Mechanical vs. Fixed-blade Crossbow Broadhed: Which is the Best?
Last Updated on
The fixed crossbow broadhead has been most archers’ favorite hunting item. This has changed over the years, thanks to the new and more effective mechanical designs available in the market. Suddenly, it’s no longer about the style of the head but an archer’s idea of what constitutes the ideal terminal tackle.
Some archers focus on penetration, while others are more concerned with the flight speed. Others are looking to make the perfect cutting diameter. While all such arguments are sensible, it all narrows down to using a fixed or mechanical crossbow broadhead. Here’s an overview of each:
Fixed Blade Broadhead
The blade is ideal for archers looking for reliability and strength; not the flight performance. They can survive huge impacts compared to mechanical broadheads because their blades are supported throughout their length.
Modern fixed bowheads are quite aerodynamic, yielding impressive flight characteristics. It is this feature that enhances accuracy and precision most hunters look for. High-quality fixed heads are known to outdo mechanical blades because some of them fail to remain closed during flight. It causes a range of flight inconsistencies leading to loss of accuracy.
The only downside to fixed broadheads is that they are likely to veer off course once shot. It explains why fixed blade broadheads are constructed shorter. Also, fixed-blade broadheads are designed for experienced archers. They should know how to fine-tune the equipment to achieve a more accurate shot.
Mechanical Crossbow Broadhead
This kind solves the most significant limitation of the fixed-blade broadhead-surface area. The mechanical blade has little to no exposed blade surface during flight eliminating aerodynamic drag. As such, the rear of the arrow steers while the front planes. This reduces deviations in arrow flight, maximizing the probability of hitting prey. It explains why mechanical heads are ideal for long-range shooting on thin-skinned game like the pronghorn.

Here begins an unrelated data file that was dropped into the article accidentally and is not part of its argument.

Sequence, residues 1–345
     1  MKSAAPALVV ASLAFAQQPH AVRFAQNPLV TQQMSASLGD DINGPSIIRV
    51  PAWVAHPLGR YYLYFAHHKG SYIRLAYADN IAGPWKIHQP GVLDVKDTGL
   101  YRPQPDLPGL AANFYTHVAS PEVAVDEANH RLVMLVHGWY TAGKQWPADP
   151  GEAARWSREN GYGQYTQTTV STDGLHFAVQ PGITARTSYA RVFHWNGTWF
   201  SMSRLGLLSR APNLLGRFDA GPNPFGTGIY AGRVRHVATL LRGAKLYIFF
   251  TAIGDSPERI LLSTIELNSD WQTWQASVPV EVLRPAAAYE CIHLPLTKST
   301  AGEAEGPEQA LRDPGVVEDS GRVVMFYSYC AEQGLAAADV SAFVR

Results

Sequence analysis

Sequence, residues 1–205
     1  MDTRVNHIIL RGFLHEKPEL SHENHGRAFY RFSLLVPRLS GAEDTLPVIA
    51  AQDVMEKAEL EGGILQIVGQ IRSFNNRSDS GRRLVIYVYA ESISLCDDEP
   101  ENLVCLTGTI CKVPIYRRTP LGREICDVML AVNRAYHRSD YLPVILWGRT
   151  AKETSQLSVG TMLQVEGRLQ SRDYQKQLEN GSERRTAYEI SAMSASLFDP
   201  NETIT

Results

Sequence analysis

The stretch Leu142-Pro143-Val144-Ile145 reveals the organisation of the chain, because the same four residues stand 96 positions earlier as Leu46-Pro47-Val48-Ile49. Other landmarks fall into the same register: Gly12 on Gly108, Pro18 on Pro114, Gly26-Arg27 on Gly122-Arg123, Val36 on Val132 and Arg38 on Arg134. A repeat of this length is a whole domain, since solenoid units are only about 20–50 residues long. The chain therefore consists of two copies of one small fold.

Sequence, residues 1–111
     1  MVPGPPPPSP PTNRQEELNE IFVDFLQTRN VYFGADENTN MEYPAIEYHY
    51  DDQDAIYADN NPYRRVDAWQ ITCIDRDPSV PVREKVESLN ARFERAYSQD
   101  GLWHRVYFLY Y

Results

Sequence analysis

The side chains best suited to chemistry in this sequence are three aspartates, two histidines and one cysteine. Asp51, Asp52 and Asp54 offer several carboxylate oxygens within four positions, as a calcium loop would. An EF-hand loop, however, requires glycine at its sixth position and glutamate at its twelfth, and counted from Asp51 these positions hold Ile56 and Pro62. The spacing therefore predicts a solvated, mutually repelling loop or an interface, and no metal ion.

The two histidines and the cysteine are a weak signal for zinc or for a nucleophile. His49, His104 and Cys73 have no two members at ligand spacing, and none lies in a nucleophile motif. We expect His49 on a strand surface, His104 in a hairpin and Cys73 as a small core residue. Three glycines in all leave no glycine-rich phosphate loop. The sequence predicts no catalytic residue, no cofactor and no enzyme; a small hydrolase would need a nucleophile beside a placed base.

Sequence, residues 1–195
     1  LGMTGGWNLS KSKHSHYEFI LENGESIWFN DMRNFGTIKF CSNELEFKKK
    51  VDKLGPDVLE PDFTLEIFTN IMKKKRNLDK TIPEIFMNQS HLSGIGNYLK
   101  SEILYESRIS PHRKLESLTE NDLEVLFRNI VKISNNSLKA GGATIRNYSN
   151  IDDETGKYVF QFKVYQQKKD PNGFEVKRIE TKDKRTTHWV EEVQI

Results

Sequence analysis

The other notable advantage is its large cutting diameter. Mechanical blades cut up to one and a half to two inches, which is almost impossible when using a fixed-blade head. As such, it is easier to cause more significant tissue damage leading to faster bleed-out and more extensive blood trails.
Modern archers also love the ease with which it is to adjust the mechanical crossbow broadhead. The only downside to mechanical heads is that it lacks efficiency. The heads use ineffective blade mechanisms, which make them fragile.
This makes the heads come apart at impact and penetrate poorly on the prey. Manufacturers are looking to eliminate the shortcomings by using high-quality components and innovative engineering methods. For example, some blades have an opening mechanism upon impact.
There is also the aspect of construction. Mechanical heads use aluminum ferrules while fixed heads use steel, which is sturdier than aluminum.
The debate on whether to use mechanical or fixed blades isn’t likely to get resolved soon. The article should help you determine what suits your hunting style and prowess.